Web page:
‘Flash droughts’ coming on faster, global study shows – Watts Up With That?

Peer-reviewed publication

UNIVERSITY OF TEXAS AT AUSTIN

IMAGE: DRY CORN STALKS IN IOWA DURING THE SUMMER 2012 FLASH DROUGHT, WHICH DESTROYED CROPS AND CAUSED $35.7 BILLION IN LOSSES. see more CREDIT: UNITED STATES DEPARTMENT OF AGRICULTURE

Like flash floods, flash droughts happen quickly, drying out the ground in a matter of days or weeks. These events can kill crops and cause huge economic losses. And according to scientists, the rate at which the landscape is drying has increased.

Researchers from the University of Texas at Austin, Hong Kong Polytechnic University, and Texas Tech University found that while the number of flash droughts has been stable over the past two decades, more of them are happening faster. Globally, the fastest-onset flash droughts (sending areas into drought conditions in just five days) have increased by between 3% and 19%. And in places that are especially prone to flash droughts, such as South Asia, Southeast Asia, and central North America, that increase is about 22% to 59%.

Rising global temperatures are likely behind the faster onset, said co-author and UT Jackson School professor Zong-Liang Yang, adding that the study results underscore the importance of understanding flash droughts and preparing for their effects. .

“Every year, we’re seeing episodes of record warming, and that’s a good precursor to these flash droughts,” he said. “Hope and purpose [of this research] is to minimize the detrimental effects.”

The research was published in nature communications. The study was led by doctoral student Yamin Qing and Professor Shuo Wang, both from the Hong Kong Polytechnic University.

Flash droughts are relatively new to science, with the advancement of remote sensing technology over the past two decades helping to reveal cases of rapidly drying soil. This serves as a telltale sign of the onset of a sudden drought and can make drought conditions seem unexpected.

As the name suggests, flash droughts are short-lived, typically lasting only a few weeks or months. But when they occur during critical growth periods, they can cause disaster. For example, in the summer of 2012, a flash drought in the central United States caused the corn crop to wilt, resulting in losses estimated at $35.7 billion.

In this study, scientists analyzed global hydroclimatic datasets that use satellite measurements of soil moisture to capture a global picture of flash drought and how it has changed over the past 21 years. The data showed that about 34% to 46% of flash droughts occurred within about five days. The rest emerge within a month, with over 70% developing in half a month or less.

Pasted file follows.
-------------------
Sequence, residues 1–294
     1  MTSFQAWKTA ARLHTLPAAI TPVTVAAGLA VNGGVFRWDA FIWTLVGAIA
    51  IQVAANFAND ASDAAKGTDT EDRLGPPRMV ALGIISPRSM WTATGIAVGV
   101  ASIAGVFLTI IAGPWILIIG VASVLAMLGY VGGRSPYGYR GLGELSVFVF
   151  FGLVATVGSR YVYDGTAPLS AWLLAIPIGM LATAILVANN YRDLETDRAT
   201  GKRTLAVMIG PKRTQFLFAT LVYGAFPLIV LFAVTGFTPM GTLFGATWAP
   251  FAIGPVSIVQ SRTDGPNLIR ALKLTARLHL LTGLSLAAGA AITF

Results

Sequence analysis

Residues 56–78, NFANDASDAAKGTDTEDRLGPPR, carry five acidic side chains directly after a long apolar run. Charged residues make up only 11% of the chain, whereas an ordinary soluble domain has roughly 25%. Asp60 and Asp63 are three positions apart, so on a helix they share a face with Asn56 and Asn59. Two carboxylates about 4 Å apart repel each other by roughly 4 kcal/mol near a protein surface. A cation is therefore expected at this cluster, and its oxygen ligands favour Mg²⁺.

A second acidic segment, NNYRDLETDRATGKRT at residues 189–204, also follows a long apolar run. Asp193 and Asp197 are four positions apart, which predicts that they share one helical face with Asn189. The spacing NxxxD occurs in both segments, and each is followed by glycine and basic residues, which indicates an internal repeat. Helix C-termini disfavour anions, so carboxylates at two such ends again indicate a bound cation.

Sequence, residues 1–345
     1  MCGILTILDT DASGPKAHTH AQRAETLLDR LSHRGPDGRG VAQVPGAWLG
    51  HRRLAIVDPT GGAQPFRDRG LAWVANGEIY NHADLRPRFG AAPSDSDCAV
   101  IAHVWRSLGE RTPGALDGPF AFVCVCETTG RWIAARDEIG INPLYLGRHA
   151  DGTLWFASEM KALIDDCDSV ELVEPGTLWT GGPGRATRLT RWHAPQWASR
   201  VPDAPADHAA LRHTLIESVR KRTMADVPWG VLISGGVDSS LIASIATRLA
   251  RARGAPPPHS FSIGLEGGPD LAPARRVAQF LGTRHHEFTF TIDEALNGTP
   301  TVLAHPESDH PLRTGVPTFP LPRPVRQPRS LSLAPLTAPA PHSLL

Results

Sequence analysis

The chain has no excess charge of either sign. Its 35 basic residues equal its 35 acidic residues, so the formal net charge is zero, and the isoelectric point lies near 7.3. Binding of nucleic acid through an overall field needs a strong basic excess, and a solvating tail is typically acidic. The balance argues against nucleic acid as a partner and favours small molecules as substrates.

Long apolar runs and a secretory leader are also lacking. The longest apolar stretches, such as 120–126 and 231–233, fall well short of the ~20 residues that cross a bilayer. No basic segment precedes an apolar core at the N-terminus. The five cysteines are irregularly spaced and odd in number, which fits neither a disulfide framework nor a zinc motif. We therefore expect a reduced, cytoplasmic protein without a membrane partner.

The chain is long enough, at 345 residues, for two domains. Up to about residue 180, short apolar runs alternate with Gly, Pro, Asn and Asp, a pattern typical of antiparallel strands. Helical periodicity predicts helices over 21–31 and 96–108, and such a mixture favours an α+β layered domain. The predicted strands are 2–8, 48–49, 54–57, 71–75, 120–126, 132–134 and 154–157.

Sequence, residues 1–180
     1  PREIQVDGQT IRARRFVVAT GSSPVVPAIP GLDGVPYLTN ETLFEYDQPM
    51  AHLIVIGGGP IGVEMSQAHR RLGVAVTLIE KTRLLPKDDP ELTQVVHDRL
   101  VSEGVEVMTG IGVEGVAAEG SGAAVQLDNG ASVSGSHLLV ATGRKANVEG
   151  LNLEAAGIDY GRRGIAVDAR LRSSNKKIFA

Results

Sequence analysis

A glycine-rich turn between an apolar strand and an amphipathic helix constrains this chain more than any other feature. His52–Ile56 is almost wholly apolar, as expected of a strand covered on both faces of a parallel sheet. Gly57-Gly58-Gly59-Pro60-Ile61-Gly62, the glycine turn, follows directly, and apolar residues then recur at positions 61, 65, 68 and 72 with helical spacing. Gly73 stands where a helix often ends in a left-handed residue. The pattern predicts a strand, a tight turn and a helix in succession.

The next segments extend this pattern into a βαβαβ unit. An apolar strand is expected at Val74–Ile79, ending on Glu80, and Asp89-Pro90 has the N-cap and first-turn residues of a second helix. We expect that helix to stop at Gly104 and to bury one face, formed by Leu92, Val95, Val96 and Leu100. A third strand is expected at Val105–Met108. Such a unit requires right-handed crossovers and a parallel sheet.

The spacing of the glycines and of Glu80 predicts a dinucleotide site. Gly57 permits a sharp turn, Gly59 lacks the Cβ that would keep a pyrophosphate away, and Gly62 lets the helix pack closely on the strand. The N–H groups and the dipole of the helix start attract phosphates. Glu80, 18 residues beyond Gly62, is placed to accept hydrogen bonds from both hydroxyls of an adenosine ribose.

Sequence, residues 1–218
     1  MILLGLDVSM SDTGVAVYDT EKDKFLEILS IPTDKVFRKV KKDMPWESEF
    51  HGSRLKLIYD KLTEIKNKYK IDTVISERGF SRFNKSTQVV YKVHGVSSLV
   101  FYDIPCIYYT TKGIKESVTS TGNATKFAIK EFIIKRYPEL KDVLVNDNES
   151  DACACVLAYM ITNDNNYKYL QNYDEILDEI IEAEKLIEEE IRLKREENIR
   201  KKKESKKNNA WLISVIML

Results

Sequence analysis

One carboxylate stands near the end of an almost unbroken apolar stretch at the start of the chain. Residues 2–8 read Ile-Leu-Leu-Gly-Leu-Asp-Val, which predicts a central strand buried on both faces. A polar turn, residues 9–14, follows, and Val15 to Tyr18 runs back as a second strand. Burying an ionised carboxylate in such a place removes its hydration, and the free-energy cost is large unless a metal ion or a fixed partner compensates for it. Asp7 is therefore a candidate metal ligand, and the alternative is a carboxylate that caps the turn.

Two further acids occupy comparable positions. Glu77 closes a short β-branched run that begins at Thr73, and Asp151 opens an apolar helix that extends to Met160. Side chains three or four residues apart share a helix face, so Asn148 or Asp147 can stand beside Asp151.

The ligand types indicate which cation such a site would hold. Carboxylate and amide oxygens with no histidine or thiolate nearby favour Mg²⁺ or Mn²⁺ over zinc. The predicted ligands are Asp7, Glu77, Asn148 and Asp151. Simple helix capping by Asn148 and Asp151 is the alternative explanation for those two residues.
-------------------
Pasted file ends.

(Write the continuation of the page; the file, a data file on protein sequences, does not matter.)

When they examined droughts over time, they noticed that flash droughts occurred more quickly.

The study also revealed the importance of humidity and variable weather patterns, with sudden droughts becoming more likely when there is a change from wet to arid conditions. That makes regions that experience seasonal changes in humidity, such as Southeast Asia, the Amazon Basin, and the East Coast and Gulf Coast of the United States, drought hotspots.

“We should pay close attention to vulnerable regions with a high probability of simultaneous soil drought and atmospheric aridity,” Wang said.

Mark Svoboda, director of the National Drought Mitigation Center and originator of the term “flash drought,” said advances in drought-detection technology and modeling tools, such as those used in this study, have led to a increased awareness of the influence and impact of flash droughts. He said the next big step is translating this knowledge into planning on the ground.

“You can go back and see the evolution of the drought in 2012 and then compare it to the way that tool did it,” said Svoboda, who was not part of the study. “We really have the stage well set to do a better job of tracking these droughts.”

The study was funded by the National Natural Science Foundation of China and the Hong Kong Research Grants Council.


DOI

10.1038/s41467-022-28752-4

ARTICLE TITLE

Accelerated flash droughts induced by the joint influence of soil moisture depletion and atmospheric aridity

ARTICLE PUBLICATION DATE

3-Apr-2022

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